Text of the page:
Film crews can rent her home for a minimum of three hours for £44 an hour. “You have to keep your home really tidy but it does pay the bills. I have made £1,000 a month before so it is a big help.
It has taken me by surprise that I can make money in this way,” she said. Ms Shah, who rents it out through Peerspace, is planning to sell up and buy a new home at the end of the year, but will be specifically looking for homes that are well-suited to filming, she said.
Nico Deoser, from Scouty, said the shoots booked on the platform tended to last one to three days.
“You make your own rules. Some people decide to only rent out some parts of their homes, while others say they won’t have shoots past 5pm because they have kids,” he said.
The average host on Scouty makes between £500 and £2,500 per month with just one to three bookings, he said.
However, properties vary in price, with some charging £1,000 per hour, and can make up to £15,000 a month, Mr Deoser said. Others have made money out of their quirky and historic homes.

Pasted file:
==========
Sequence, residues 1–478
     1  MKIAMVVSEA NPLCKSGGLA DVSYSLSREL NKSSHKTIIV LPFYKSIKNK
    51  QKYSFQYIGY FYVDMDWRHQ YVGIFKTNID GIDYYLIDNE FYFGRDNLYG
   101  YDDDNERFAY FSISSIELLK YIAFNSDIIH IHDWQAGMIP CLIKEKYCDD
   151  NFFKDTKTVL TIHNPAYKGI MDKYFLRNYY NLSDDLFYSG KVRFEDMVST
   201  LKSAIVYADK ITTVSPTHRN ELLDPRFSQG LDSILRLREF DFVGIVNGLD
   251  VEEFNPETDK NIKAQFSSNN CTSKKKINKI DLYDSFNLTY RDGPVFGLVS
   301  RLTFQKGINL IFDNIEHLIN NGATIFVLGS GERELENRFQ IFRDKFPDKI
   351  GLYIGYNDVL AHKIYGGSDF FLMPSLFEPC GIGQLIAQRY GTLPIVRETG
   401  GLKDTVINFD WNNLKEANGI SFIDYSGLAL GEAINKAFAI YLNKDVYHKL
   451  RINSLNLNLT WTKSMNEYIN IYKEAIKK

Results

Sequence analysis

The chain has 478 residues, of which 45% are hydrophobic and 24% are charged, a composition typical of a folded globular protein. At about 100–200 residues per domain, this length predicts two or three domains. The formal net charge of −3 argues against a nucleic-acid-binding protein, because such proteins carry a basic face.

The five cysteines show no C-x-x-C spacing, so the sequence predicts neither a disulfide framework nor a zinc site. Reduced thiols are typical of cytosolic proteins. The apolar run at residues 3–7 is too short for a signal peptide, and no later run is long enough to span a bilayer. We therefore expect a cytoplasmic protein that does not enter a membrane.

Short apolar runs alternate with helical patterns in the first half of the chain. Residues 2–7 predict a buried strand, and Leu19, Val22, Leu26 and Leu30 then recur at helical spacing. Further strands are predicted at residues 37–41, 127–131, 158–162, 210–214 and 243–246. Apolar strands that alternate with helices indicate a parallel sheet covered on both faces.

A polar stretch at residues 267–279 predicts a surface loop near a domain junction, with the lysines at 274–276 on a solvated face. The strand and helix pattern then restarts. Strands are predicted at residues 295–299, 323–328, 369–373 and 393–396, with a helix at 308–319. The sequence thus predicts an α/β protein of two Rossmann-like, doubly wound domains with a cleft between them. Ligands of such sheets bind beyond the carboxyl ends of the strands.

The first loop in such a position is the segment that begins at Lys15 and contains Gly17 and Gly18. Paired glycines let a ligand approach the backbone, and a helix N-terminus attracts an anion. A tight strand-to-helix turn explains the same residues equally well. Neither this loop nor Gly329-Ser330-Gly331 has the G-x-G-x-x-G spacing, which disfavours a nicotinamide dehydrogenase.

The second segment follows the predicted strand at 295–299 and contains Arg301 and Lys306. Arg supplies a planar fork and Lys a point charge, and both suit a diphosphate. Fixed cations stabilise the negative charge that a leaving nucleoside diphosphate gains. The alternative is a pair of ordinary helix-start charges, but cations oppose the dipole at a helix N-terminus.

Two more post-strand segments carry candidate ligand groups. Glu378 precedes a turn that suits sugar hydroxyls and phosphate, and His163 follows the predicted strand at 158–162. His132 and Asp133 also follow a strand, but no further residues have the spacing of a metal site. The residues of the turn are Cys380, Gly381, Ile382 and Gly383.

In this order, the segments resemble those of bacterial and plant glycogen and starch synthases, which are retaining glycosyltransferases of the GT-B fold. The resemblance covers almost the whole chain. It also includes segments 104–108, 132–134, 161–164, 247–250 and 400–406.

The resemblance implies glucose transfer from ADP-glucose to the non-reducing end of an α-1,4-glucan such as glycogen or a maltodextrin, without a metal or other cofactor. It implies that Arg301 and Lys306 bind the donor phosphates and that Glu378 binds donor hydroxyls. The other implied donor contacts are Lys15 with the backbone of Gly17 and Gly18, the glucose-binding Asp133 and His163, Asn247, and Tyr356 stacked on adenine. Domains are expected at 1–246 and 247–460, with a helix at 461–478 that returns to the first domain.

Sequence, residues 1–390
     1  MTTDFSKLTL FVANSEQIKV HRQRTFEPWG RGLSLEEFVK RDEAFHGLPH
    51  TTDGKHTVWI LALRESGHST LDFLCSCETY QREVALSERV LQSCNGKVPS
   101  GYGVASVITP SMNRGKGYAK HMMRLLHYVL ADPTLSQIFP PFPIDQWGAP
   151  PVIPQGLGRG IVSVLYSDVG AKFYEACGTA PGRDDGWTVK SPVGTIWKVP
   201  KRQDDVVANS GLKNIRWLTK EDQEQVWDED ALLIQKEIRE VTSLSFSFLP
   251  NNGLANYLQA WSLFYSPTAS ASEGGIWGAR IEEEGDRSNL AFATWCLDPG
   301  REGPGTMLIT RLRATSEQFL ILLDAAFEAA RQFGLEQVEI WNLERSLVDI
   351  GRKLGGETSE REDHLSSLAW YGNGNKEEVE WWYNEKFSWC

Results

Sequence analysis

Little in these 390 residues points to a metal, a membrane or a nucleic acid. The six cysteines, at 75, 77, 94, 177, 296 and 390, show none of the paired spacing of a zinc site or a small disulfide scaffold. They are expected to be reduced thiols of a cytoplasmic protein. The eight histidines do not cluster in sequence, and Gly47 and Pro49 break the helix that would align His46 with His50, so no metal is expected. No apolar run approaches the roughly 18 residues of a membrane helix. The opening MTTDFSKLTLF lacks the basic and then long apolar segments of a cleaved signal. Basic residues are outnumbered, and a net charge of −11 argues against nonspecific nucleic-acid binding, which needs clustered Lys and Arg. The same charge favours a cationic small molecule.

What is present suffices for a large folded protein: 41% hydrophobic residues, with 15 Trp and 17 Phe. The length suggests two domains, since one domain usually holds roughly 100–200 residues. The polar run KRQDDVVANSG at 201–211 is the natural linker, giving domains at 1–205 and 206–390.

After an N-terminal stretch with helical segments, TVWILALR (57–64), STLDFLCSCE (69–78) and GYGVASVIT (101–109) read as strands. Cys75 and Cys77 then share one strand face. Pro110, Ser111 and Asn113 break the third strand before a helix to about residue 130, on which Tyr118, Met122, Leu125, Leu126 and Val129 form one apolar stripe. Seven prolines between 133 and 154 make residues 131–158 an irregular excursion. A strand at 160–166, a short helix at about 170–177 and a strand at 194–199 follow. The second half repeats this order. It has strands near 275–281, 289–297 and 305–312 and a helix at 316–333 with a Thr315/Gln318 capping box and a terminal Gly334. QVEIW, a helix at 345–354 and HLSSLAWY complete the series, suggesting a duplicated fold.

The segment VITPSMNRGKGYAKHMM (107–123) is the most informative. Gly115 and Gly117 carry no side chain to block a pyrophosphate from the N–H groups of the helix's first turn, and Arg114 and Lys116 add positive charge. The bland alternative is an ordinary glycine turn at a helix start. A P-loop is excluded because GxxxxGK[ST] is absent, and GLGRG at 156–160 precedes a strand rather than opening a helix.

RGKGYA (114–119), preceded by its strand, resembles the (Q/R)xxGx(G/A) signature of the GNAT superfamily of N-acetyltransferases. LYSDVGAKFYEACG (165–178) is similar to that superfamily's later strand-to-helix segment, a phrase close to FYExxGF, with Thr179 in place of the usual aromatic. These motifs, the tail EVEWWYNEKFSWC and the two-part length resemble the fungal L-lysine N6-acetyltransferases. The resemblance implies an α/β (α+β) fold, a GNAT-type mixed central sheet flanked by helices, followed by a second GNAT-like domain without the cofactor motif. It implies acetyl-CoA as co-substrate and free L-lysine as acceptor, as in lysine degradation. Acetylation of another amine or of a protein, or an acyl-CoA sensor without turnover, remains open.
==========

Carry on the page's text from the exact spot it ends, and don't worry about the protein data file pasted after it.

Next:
Phill Haiselden, 60, who lives in Angel House, a Grade I listed Regency property overlooking Brighton’s beach, said he has been shocked by the scale of some productions.
Of the shoots, the largest was when Mr Haiselden said he hosted a photo shoot with musician Paul Weller.
“It was gobsmacking. There were 40 people on set, including the lighting crew who had been brought over from Canada. They really spared no expense,” he said.
The Brighton home, which is now on sale for £3.75m with Savills, has also been used for scenes in Poirot and other photo shoots.
Mr Haiselden charges £1,000 per day plus 20pc commission fee for the agency, but adds a premium for celebrities. But there is a limit as some productions can be too disruptive.
“We were approached for an Amazon series, which I believe had Harry Styles in it, and they wanted to redecorate but we decided not to. The person who took it on would have been paid up to £30,000,” he said.